Whether you call them Peanut Butter Kiss Cookies or Hershey Kiss Peanut Butter Cookies, these cookies are probably one of the most giftable because they offer quite a classic pairing. They are kind of hard to turn down, and they also look really cute inside a box! Then again, what’s not to love in a cookie that is packed with peanut butter taste, firm on the outside but chewy on the inside, with a nice hit of chocolate when you bite into the middle?
I already imagined myself eating these cookies the moment I came across them on Simply Recipes. Especially now that the weather here in the Philippines is hot, the Kisses will tend to get just a little melty at room temp. Somehow, it makes the eating experience even better.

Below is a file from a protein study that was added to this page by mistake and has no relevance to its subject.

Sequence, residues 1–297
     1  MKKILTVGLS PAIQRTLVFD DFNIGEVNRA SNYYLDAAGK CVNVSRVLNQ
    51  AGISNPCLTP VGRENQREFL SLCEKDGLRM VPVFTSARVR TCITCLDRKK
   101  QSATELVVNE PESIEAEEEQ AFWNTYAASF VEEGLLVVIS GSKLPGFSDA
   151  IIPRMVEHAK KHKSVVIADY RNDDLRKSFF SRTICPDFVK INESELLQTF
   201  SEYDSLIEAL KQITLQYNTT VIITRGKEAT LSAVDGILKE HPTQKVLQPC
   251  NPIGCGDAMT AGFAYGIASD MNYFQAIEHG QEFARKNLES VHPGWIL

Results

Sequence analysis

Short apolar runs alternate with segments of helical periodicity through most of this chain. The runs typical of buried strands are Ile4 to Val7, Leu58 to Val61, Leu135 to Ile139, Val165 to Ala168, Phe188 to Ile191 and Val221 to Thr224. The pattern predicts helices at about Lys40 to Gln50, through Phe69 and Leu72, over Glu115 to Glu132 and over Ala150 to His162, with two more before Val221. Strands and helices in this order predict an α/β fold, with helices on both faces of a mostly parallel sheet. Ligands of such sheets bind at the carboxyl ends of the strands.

These cookies are on the sweet side, because you have to roll the peanut butter dough in sugar before baking. To keep things in control, I highly recommend using the dark chocolate variant of Hershey’s Kisses. I personally also enjoy munching on dark chocolate more so milk chocolate Kisses will probably never find their way into my mouth and my baking, but in this case, I really think going dark will keep the sweetness in check.
There isn’t really that many things to say about this recipe because it is super easy. The trickiest part is maybe the placing of the Kisses on each cookie, but it’s not really difficult per se. You just want to be fast at the step at the end is all. The recipe starts off just like any other cookie recipe, having you cream the butter with the sugars and egg. Make sure to incorporate the sugar into the butter well so that your cookies will bake up nicely.